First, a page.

Several hundred people attended a job fair Wednesday in Pittsburgh in the hopes of landing one of the few job openings for part-time seasonal work at Amazon’s newly opened distribution warehouse. The jobs will pay just $10.75 an hour.
Held in the Garfield neighborhood—which has a poverty rate of nearly 45 percent, compared to 22 percent for the city as a whole—the fair attracted people from throughout Pittsburgh and even some surrounding areas. The event was advertised with a flyer placed in area residents’ doors and then spread by word of mouth.
Camille Grady explained why she came. “I work at Taco Bell. I make $7.50 an hour and even working 40-45 hours a week I get a check for $300-$350 before taxes. That is not enough. My rent is $595 a month, plus gas and electric. I share that with a roommate. A bus pass costs $37.50 a week and my phone bill is $51 per month. When that is all paid I have nothing left.
“I work out in West Mifflin and live in Mount Oliver. I take two buses and it takes me nearly two hours to get to and home from work. I was making $11.75 working at Target overnight, so I thought I was qualified for this job. I have experience with rating systems and stock.
“I wasted my time coming over here. They asked me to fill out a form and then I sat for 20 or 30 minutes. They said someone would get me but no one ever did. All they are doing is handing out an application you can access online, so I am going home and doing it from there.”
Amazon has gained the reputation of operating modern day sweatshops. Workers are expected to work 10-12 hour shifts, constantly moving through the warehouse, climbing steps, and lifting heavy packages. Technology is used to monitor each employee’s productivity and those that fall behind are fired.
The web site that describes the jobs offered tells applicants to “prepare for warp speed!” and that “Temperature in the fulfillment center may vary between 60 and 90 degrees, and will occasionally exceed 90 degrees.”
Workers collapsing from the heat became so common at Amazon’s warehouse in Allentown, Pennsylvania that management parked ambulances outside the center rather than take measures to keep the building cool. At other locations, management wears backpacks filled with Gatorade to revive exhausted workers.
Caleb Barnes, 21, is hoping to sell life insurance in the future but needs part-time work now. “I just got my license to sell insurance and now I need a car so I can start selling policies. I am hoping to work at Amazon long enough to afford a car.
“The job situation is kind of tough. Most people I know are having a hard time finding work. My mom is working part-time and last year our water got shut off. We were both working. Rents are going up, but wages aren’t.”
Pittsburgh is often presented as a model rustbelt city that has “remade itself” with high tech firms and a booming health care and higher education sector. Official unemployment is lower in Pittsburgh than many other rustbelt cities of the same size and there has been a building boom in downtown and some of the neighborhoods. However a closer look reveals that extreme poverty still exists in many neighborhoods of the city and especially in the surrounding small towns that made up the former steel mill and coal mining belt. Within Pittsburgh the new jobs have mainly been low wage, part-time and temporary and whole areas have simply been left out of the economic “development.”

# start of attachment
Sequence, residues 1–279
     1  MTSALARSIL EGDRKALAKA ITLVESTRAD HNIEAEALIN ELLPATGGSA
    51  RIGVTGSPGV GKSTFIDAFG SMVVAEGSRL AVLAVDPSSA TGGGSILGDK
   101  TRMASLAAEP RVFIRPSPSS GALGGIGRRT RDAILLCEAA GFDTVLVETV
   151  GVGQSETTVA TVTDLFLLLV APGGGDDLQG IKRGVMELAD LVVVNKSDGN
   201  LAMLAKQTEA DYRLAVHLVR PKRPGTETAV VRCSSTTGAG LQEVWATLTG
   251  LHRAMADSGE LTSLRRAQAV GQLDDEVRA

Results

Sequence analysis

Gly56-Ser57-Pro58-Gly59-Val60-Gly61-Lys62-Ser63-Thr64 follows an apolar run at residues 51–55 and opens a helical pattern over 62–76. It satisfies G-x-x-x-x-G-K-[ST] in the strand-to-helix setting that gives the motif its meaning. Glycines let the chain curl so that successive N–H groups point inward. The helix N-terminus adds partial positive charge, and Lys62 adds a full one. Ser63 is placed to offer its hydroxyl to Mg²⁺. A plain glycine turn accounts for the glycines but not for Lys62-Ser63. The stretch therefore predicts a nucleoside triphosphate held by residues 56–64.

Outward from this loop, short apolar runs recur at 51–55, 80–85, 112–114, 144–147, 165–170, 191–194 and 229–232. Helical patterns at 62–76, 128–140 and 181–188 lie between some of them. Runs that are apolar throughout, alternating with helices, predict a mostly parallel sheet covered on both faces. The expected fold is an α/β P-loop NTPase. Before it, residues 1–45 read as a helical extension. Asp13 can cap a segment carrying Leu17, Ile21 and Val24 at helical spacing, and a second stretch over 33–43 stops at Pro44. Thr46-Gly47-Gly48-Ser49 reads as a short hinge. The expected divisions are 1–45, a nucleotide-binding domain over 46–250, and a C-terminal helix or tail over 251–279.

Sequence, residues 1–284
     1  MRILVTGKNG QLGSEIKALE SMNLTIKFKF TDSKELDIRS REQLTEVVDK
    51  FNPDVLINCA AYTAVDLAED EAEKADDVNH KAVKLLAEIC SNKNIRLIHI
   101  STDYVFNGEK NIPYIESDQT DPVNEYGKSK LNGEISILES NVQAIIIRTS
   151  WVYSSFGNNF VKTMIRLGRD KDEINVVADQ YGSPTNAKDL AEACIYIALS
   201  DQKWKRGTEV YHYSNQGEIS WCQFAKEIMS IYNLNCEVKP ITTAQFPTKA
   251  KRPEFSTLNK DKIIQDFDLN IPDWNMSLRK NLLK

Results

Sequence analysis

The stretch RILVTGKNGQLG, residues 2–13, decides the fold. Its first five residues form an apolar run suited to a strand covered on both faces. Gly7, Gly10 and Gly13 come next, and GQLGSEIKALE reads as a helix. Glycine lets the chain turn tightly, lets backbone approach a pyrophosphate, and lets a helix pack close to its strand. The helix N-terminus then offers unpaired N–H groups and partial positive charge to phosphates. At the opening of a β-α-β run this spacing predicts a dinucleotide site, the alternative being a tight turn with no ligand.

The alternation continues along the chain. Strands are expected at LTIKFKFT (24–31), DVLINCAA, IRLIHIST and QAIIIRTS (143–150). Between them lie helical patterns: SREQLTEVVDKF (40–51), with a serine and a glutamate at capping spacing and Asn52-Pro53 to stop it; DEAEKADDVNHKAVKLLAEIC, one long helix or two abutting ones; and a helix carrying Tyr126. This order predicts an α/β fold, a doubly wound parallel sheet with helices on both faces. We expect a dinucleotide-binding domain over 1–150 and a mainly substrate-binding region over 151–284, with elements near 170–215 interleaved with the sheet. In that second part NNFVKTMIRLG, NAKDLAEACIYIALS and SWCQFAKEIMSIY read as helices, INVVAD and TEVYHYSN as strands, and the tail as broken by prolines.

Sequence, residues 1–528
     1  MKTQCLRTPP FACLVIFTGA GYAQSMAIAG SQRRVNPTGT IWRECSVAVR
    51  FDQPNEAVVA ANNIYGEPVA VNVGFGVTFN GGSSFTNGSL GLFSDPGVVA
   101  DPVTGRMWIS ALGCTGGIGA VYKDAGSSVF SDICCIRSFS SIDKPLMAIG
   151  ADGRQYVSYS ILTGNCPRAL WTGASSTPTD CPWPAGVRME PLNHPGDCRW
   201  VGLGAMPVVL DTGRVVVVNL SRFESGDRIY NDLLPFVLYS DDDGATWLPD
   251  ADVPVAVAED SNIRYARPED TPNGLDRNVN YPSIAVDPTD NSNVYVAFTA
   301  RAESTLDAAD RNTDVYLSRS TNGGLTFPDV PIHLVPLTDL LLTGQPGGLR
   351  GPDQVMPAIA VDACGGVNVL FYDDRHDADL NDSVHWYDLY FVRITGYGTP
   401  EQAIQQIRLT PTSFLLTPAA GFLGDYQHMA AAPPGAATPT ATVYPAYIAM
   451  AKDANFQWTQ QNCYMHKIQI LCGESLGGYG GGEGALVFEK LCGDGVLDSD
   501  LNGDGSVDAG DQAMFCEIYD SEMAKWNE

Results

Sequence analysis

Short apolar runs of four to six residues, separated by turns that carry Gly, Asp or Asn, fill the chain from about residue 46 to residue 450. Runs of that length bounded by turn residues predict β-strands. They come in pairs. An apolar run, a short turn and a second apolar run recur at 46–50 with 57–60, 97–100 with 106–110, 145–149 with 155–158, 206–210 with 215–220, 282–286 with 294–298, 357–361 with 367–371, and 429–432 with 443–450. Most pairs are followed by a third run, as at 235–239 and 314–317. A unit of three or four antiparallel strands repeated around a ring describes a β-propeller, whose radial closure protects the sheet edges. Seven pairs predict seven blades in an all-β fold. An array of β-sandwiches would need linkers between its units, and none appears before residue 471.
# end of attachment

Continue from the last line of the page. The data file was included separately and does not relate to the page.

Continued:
Official unemployment in Pittsburgh is 5.4 percent but unofficially it is much higher. The median household income is below $40,000 a year, over 20 percent below the state average. Nearly one in five live below the poverty level. The situation for minority workers is even worse. The Pittsburgh Regional Quality of Life Survey found that 36 percent of African Americans who were working earned less than $25,000 a year.
Henry James Holmes, 55, worked for 15 years as a mechanic in California. “I’m a certified diesel mechanic. The company I work for is moving to Mexico and we are all losing our jobs. They gave all of us time off to look for work, so I decided to come back home to see what I can find.
“I left Pittsburgh in 1978. I came out of high school and worked with my dad at the Homestead steel mill for five years before they shut all the mills down. Then I said ‘to hell with it’ and moved out to California. I lived with my brother who was in the Marines until I got on my feet.”
Allen Hurt, 52, spoke about the challenges of finding work for people who have criminal records. “I’m having a hard time getting employment. When they ask if you had a criminal record I always say ‘yes’ because I don’t want to lie, but they never contact me for the job.
“I have been out of jail for six years but once they hear you have been in prison they just don’t want to hire you. They don’t ask me about it, they never let me explain what happened. You want to explain that this is past history, that it is part of my past, to prove that I am a better person.
“I am working part-time right now. It is just one week a month. It is not enough. I am seeking more and better employment. Working one week a month doesn’t meet your needs, you can’t pay your bills.”